Stones of Stenness, Orkney Islands.

We went back to Kirkwall where we visited St Magnus Cathedral. Built by the Norwegians in the 1200’s it was very nearly destroyed when the Scottish took over because it was catholic. They let it remain but tore down all the art and all the beautiful decorations. Oliver Cromwell used it to stable his horses for 4 months when he was there. It has been restored now and the stained glass windows in particular are special. They use it for all religious services now regardless of denomination. The last stop on the tour was the italian chapel. To build Churchill’s barriers they dragged thousands of italian prisoners of war all the way to the islands to build them. It took them several years so while they were there they built themselves a church. It was all made by hand and is a sight to see. The painting and craftsmanship is astonishing considering they were prisoners at the time. There is a statue of St george and the dragon outside made entirely of Barbed wire and concrete. We got the bus back to the ferry and said goodbye to an amazing place. On the last trip the guide told us about some local customs, such as the local golf tournament that starts at midnight using glow in the dark balls. In the middle of summer it doesn’t actually get dark but it still gets a bit hard to see. After every hole they have a double shot of whisky and the player who makes it to the 18th hole wins. Sound like the kind of golf I could enjoy. The other sport they play is called called Ba. The entire town of Kirkwall is separated into teams based on where they live. One team has to kick the ball into the ocean, another on a particular wall. Both are about 1 mile from the cathedral. The whole town gets involved and there are no rules. Apparently often they are all charging through random houses, and up to 300 people at once run around wildly. Sound like another thing I would love to do. The ferry back to the mainland was not as enjoyable for Anita. It was very choppy for a while and Anita was looking quite sick for a while. It calmed down though so we went above again to enjoy the view. We landed around 8:00 and decided that we were just going to drive until we got tired. So that is what we did, we drove all the way to Inverness, down the east coast. This drive was just as special the second time. The coast line in northern Scotland is spectacular. We arrived in Inverness around 11 and had time for a quick meal before we found a secluded place to park and slept in the car, which was actually far more comfortable then I though it would be.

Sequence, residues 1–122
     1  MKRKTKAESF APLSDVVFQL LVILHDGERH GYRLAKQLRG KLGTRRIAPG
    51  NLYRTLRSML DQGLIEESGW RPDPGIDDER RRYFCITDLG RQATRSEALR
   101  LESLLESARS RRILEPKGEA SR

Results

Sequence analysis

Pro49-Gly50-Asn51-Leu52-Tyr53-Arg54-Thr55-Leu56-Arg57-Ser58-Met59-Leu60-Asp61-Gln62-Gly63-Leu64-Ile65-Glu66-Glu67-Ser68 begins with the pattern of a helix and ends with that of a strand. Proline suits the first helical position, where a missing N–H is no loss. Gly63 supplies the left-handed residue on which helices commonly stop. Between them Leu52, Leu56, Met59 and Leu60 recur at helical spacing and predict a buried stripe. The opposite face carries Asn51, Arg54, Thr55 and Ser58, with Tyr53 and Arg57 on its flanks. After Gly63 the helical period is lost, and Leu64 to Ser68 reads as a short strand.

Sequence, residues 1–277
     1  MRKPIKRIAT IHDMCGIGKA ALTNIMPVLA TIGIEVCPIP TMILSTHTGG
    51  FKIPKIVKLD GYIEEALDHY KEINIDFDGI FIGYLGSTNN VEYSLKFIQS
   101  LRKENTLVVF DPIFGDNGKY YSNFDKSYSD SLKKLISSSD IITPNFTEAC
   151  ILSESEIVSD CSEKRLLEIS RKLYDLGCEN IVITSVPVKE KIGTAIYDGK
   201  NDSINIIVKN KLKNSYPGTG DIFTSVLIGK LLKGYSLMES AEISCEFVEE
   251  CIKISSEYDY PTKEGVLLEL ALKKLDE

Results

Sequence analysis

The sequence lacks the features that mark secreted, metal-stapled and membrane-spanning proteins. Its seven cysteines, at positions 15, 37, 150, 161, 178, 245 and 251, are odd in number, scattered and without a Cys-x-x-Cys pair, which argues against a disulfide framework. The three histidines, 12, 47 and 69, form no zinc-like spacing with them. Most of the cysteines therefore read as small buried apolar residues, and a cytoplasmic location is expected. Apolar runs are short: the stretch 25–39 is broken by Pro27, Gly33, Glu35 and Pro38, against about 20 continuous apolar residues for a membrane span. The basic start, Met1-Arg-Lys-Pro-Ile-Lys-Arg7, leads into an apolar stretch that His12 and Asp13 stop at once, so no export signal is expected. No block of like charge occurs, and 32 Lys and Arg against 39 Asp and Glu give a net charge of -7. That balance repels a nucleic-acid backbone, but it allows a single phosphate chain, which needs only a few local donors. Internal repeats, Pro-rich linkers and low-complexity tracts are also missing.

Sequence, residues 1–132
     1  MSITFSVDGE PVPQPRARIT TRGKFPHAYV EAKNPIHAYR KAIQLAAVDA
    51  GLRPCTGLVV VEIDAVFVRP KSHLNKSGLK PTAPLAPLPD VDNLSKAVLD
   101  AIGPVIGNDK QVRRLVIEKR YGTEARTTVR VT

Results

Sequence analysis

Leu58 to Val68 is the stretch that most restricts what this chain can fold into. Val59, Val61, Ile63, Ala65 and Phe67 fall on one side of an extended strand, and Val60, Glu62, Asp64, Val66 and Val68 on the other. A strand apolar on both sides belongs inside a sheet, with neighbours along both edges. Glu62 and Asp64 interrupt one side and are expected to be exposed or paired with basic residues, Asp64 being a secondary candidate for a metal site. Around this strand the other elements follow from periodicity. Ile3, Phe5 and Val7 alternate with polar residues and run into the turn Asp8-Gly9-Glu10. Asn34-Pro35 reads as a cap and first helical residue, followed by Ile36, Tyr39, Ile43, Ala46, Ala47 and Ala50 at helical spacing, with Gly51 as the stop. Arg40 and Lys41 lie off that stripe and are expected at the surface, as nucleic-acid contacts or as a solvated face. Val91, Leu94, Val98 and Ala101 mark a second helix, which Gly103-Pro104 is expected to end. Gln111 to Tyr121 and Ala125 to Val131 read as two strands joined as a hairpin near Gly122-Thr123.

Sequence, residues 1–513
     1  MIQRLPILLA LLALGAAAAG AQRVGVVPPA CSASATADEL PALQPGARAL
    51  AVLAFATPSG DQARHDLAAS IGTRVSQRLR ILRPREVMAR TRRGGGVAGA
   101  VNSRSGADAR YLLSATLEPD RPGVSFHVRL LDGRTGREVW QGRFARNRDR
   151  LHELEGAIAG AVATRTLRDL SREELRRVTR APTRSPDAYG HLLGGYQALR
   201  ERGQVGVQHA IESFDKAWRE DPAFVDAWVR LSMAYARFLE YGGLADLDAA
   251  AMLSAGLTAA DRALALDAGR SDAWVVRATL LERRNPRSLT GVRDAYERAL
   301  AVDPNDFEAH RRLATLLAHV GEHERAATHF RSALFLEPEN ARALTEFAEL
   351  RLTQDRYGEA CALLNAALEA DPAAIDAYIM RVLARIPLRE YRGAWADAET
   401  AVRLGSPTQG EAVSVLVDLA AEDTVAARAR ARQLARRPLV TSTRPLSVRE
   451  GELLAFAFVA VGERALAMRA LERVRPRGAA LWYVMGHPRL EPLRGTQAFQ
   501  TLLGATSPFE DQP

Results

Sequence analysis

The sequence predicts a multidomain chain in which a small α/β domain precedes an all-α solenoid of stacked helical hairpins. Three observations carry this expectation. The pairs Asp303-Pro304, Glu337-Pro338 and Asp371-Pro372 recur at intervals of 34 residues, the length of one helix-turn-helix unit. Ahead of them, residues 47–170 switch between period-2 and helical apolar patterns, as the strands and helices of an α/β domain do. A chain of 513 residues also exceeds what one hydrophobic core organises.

Clive